[R] function censReg in panel data setting
Arne Henningsen
arne.henningsen at googlemail.com
Wed Sep 14 09:40:17 CEST 2011
On 14 September 2011 00:36, Arne Henningsen
<arne.henningsen at googlemail.com> wrote:
> Hi Igors
>
> On 13 September 2011 13:27, Igors <igors.lahanciks at gmail.com> wrote:
>> Any success in finding possible solutions for my problem?
>
> Somewhat. The calculation of the log-likelihood values is numerically
> much more robust/stable now. The log-likelihood contributions of some
> individuals became minus infinity in your model. This was caused by
> rounding errors as illustrated in the following simplified example:
>
> log( exp( a ) + exp( b ) )
>
> If a and b become smaller than approximately -800, exp( a ) and exp( b
> ) are rounded to zero and the log of their sum (zero) is minus
> infinity.
> I have solved this problem by replacing the above calculation by
>
> log( exp( a - c ) + exp( b - c ) ) + c
> with c = max( a, b )
>
> The source code of the improved censReg package is available on
> R-Forge [1]; R packages will be available on R-Forge [2] probably
> within one day.
>
> [1] https://r-forge.r-project.org/scm/?group_id=256
> [2] https://r-forge.r-project.org/R/?group_id=256
>
> Unfortunately, the calculation of the gradients is still not robust
> but I expect that I can solve this problem in a similar way as I used
> to solve the problem with the likelihood function itself. I will
> continue working on this.
>
>> I have tried to experiment with size of sample and I get really bad picture.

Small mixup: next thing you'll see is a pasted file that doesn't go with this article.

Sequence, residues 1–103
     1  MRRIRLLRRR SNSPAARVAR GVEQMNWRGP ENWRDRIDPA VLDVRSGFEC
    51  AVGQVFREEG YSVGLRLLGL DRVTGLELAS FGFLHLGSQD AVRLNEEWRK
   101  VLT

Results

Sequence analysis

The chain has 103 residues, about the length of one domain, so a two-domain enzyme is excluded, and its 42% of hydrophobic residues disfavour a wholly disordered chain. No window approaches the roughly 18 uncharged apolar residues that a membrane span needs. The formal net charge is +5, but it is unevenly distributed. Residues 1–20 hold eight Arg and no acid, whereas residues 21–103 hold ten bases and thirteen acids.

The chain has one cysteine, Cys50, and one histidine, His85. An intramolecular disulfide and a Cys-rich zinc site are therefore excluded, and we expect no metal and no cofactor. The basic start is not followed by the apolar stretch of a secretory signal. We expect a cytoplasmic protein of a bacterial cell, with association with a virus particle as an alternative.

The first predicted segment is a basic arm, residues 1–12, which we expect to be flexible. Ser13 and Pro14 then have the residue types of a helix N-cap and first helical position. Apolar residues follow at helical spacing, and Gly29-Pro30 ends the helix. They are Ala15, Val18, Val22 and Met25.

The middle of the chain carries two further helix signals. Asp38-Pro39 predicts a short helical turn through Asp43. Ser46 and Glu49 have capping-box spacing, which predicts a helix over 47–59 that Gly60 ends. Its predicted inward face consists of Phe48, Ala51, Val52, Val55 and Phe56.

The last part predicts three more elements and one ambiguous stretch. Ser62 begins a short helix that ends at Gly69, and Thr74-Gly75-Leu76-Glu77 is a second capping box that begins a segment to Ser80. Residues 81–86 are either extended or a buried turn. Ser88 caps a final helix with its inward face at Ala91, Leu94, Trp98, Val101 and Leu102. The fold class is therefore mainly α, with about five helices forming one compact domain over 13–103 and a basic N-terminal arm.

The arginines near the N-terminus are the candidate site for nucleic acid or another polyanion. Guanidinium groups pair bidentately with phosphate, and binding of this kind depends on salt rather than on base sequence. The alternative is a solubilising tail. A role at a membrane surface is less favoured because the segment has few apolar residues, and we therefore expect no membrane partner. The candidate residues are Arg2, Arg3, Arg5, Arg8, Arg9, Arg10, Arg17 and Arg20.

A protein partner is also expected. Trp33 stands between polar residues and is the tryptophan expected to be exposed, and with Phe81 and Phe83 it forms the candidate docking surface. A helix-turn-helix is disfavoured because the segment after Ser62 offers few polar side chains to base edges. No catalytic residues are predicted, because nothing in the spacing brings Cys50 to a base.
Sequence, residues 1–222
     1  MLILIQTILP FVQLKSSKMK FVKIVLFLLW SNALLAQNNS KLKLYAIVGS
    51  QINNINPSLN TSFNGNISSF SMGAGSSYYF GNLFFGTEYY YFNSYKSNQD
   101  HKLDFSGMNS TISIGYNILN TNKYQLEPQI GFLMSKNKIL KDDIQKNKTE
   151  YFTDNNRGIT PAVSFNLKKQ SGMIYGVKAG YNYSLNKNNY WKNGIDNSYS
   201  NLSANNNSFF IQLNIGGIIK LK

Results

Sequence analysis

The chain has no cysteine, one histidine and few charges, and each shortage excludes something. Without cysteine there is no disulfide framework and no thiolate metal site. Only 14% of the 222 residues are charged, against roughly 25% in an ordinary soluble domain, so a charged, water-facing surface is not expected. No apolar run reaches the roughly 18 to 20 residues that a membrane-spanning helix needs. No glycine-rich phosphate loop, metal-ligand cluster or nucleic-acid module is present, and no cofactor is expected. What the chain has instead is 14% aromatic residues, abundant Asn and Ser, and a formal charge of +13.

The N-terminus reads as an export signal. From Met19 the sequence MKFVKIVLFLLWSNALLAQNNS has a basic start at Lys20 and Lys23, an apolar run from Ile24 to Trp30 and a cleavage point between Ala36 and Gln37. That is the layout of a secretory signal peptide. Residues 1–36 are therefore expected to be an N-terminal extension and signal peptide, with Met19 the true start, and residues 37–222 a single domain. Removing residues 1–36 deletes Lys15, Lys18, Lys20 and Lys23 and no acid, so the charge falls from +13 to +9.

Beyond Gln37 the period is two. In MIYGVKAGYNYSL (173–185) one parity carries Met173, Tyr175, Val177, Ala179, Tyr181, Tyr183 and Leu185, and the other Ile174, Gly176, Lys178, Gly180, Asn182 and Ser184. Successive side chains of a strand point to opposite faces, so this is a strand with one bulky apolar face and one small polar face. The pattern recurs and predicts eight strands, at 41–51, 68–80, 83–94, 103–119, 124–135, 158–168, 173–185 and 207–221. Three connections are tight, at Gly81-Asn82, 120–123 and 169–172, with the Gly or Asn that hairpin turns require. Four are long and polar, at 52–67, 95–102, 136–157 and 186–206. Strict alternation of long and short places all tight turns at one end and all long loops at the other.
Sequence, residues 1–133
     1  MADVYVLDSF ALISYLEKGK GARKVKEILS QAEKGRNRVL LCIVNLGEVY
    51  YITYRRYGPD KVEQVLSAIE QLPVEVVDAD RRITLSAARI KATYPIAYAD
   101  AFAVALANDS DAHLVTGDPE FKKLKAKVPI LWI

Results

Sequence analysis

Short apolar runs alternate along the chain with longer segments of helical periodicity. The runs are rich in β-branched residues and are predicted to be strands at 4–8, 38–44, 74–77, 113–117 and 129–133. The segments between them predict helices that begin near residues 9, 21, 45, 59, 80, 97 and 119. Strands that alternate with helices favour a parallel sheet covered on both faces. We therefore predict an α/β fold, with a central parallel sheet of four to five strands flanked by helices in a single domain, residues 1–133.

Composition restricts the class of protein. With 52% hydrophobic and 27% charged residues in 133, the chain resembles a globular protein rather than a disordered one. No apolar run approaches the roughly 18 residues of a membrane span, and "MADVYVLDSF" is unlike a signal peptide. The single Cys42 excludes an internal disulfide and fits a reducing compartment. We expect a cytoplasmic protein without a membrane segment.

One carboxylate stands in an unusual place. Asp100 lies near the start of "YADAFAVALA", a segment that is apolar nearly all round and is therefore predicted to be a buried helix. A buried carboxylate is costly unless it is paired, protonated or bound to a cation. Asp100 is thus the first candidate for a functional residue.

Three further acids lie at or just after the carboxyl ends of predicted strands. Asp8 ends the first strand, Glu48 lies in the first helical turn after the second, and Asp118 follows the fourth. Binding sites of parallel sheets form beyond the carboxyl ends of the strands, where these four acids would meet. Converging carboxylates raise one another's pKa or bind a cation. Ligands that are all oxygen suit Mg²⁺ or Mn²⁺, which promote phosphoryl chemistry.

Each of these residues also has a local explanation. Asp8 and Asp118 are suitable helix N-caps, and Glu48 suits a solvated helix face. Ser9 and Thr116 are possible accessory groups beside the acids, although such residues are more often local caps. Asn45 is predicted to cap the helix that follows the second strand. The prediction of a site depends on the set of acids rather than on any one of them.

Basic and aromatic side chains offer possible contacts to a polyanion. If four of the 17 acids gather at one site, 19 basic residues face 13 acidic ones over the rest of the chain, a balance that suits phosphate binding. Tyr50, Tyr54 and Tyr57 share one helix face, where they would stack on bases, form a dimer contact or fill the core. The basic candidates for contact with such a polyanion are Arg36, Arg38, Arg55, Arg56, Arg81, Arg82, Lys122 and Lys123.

>> I can't get it work even if sample is ~ 1000 obs. And it is way less than I
>> would like to see working, taking into account my full sample size ~ 540 000
>> obs.
>
> I hope that you have a very fast computer -- or a lot of time for
> waiting many days or even a few weeks.
Now I have also improved the numerical stability of the calculation of
the *gradients* of the log-likelihood function. Basically, the problem
was that in an equation similar to
( exp(a1) * b1 + exp(a2) * b2 ) / exp(d)
a1, a2, and d could have values less than -800 so that exp(a1),
exp(a2), and exp(d) became zero and hence, the entire equation became
zero divided by zero ("NaN") in specific cases. As a1, a2, and d are
usually of similar size, I could solve this problem by re-arranging
the above equation to
exp(a1-d) * b1 + exp(a2-d) * b2
I hope that the numerical stability is sufficiently large now so that
you can estimate your large model. Please let me know if it works now.
Again, the source code of the improved censReg package is available on
R-Forge [1]; R packages will be available on R-Forge [2] probably
within one day. Please note that you need at least revision 1207.
[1] https://r-forge.r-project.org/scm/?group_id=256
[2] https://r-forge.r-project.org/R/?group_id=256
Best regards,
Arne
--
Arne Henningsen
http://www.arne-henningsen.name
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